Tracie Welser is a Clarion West grad, a teacher and a writer. Her first professional sale, “A Body Without Fur,” appears in May/June issue of Interzone.
Excellent fiction is an art we’re all working to capture on the page. Blogs and how-to books are full of advice on how to achieve excellence through structure, prose, plot, setting, character and dialogue. But when it works, why does it, really? Is excellence a convergence of these factors, these skills, like a formula of some kind? If we’re honest, the possibility is a little thrilling to contemplate. A magic formula! I’ve seen how-to-write texts which promise this very idea.
We could speculate on tastes of various readers and writers and the styles that appeal to them (the sentimental, the romantic, the horrific, the scientific and so on). As Michael Chabon points out in his artful collection Maps and Legends, we read and write “for entertainment, and its suave henchman, pleasure.” And entertainment comes in different flavors. But I want to know how and why story works, why the rhythm and syntax of a sentence gives it power, how the structure of a narrative draws in or discomfits the reader, and to what ultimate effect. I’m going to assert that the real deal, the aspect of fiction that keeps people reading is Sense of Wonder. This is true whether the genre is horror, epic fantasy, mystery, “hard” sci-fi, or cowboy stories. Or even that other genre that doesn’t recognize itself as such, literary fiction. Or the weird. Especially the weird.
How is wonder accomplished, if that’s what we’re chasing? I mean, really, deep down, cognitively? What kinds of narrative make this experience possible for the reader?
Surprising or shocking the reader with the unexpected creates cognitive dissonance that the reader feels as wonder. Just enough of the expected, subverted, does this in a sublime manner. A visual metaphor helps here: I once saw prints by an artist whose photos blend nature into urban landscapes such as train stations. The size, scope and juxtaposition of flowing water and growing things against the urban and mechanical are beautiful and startling, initially. Once you’ve seen it, the spectacle isn’t as compelling, but that first glance creates a “wow” moment.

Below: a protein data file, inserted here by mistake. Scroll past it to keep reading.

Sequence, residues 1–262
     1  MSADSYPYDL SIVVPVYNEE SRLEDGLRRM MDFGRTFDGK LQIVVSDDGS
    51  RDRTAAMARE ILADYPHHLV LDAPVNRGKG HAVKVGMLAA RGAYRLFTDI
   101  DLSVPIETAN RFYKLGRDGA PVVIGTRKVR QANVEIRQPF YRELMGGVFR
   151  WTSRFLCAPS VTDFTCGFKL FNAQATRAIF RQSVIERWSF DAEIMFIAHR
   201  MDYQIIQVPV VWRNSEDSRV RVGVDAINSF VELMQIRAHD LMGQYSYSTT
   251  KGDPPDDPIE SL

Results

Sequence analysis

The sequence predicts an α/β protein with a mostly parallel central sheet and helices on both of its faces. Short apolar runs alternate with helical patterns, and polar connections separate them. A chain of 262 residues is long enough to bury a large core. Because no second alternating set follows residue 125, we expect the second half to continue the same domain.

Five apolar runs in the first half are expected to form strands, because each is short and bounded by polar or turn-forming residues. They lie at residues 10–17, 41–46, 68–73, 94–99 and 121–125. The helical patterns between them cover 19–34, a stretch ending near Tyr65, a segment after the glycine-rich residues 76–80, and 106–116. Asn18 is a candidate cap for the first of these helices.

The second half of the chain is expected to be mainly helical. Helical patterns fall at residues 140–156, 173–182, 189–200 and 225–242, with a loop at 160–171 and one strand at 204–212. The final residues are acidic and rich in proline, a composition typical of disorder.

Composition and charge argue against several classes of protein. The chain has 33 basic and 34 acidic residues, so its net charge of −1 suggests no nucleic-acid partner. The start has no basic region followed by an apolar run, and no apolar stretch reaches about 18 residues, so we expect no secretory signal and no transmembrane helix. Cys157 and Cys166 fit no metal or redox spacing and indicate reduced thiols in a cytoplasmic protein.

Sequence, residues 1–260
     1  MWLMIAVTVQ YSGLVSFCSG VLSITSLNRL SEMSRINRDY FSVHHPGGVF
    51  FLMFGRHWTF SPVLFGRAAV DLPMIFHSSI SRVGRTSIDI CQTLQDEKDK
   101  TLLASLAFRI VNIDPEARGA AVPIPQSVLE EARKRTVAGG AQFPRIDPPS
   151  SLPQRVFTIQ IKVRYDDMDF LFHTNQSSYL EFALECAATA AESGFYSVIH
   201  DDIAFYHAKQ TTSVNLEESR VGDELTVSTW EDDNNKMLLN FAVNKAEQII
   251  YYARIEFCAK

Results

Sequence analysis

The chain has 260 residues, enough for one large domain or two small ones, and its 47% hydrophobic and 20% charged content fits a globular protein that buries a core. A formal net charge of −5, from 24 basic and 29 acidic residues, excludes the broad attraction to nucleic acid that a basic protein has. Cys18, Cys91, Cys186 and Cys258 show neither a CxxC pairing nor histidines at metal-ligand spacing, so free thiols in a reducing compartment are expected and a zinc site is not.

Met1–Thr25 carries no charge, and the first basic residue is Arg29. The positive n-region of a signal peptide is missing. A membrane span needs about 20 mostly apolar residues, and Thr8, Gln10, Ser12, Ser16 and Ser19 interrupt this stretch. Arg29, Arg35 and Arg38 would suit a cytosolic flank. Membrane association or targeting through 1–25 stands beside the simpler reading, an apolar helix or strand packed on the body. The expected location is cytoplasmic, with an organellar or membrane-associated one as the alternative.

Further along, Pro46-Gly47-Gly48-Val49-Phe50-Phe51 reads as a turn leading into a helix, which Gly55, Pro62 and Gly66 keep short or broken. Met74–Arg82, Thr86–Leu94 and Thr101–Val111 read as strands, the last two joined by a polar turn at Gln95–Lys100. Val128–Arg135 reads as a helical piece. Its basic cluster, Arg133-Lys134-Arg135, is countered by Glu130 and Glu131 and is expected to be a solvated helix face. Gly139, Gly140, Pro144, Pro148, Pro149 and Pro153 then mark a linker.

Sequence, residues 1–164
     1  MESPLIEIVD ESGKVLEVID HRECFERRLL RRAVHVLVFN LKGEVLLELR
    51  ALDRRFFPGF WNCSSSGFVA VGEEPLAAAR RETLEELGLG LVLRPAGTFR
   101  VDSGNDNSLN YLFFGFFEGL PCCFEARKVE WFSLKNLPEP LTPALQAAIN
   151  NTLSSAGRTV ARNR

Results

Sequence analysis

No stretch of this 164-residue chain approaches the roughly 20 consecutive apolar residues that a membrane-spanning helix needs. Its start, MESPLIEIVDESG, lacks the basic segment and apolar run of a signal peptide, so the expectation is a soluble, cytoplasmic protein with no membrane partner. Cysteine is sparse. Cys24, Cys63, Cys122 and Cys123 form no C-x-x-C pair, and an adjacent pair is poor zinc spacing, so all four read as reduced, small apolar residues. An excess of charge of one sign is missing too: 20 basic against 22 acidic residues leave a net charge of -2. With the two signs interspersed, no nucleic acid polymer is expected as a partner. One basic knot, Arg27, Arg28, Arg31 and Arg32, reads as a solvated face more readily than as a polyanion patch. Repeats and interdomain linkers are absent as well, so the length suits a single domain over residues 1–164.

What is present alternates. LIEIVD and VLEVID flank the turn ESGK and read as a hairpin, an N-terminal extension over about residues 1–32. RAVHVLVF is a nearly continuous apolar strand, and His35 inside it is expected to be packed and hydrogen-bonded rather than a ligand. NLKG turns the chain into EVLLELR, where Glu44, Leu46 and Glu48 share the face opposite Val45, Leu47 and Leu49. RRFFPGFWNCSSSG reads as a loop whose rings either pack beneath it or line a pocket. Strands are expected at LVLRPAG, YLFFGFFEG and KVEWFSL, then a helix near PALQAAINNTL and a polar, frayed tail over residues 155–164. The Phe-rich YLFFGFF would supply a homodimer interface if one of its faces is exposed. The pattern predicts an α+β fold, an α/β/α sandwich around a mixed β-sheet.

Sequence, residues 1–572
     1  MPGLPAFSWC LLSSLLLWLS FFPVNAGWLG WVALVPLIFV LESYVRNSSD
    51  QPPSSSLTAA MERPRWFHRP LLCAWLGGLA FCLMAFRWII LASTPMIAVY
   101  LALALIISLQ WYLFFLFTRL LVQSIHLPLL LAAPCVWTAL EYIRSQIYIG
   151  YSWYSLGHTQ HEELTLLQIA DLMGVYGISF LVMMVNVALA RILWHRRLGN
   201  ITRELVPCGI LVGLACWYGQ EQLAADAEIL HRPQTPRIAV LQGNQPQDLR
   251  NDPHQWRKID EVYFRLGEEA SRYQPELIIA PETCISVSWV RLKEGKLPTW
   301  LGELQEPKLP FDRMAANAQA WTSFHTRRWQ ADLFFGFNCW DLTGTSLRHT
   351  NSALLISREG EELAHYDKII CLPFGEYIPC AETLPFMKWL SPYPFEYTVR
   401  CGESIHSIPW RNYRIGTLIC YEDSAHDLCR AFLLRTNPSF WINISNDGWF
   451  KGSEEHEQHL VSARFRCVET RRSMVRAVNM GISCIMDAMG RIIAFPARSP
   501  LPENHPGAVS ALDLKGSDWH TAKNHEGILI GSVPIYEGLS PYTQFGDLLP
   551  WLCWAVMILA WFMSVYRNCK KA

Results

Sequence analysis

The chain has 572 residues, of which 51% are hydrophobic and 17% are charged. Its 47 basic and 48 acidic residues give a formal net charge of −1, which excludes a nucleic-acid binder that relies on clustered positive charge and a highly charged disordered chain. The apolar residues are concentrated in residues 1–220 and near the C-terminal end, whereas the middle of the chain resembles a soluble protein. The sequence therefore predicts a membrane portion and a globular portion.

The much-touted startling story hook, or violence embedded in narrative as spectacle, or sensual pleasures presented as extraordinary and enticing, all play on the cognitive dissonance and wonder of the reader. Something unexpected is happening! For simplicity’s sake, I’m talking about sex and violence, but there are plenty of other ways to accomplish the translation of the visual into text.
But there’s a how-not-to. We have to tread carefully in order to bring readers moments of wonder without relying on tropes or harmful stereotypes or easy fixes that insult their intelligence or worse.
How not to: othering characters based on gender or race or exoticizing the foreign or relying on stereotypes for horrific/bizarre effect. Pulpy fiction like Lovecraft’s is infamous for this. Witness the perils of darkest Africa! Behold the evil Eskimo, the uncivilized swamp cultist! Included in this category are the inbred hillbilly, the small-town sheriff, the psychotic man with dwarfism, the mentally unbalanced and/or tragic queer, the one-dimensional woman. I’m guilty of this in my own way. My fascination with Le Guin’s anthropological style led to me create a recently published story that teeters on the edge of the noble savage trope. I have to ask myself hard questions about that choice. Did I find that compelling? Why? Did I do enough to transcend the stereotype while pursuing a sense of wonder?
Violence is compelling, and it can be used to awe the reader. I’m not saying that violence is “wonderful” in a delightful sense, but it is a spectacle for the senses, psychologically interesting. It’s the effect to which violence is used that makes the difference.
I know I am not immune to this impulse, either. I have a graduate degree in the study of gender theory, but both of my recently published works begin with a story hook in which violence is directed at a female character. What does that say about me, about my own demons or narrative aesthetic? Am I perpetuating a harmful trope when I compel the reader to see the startling beauty of blood splattered on snow, a sense of wonder inspired by the visual I saw in my mind’s eye?
What hooks you into narrative as a reader? How do you create “wow” moments in your writing, and what, if anything, can be problematic?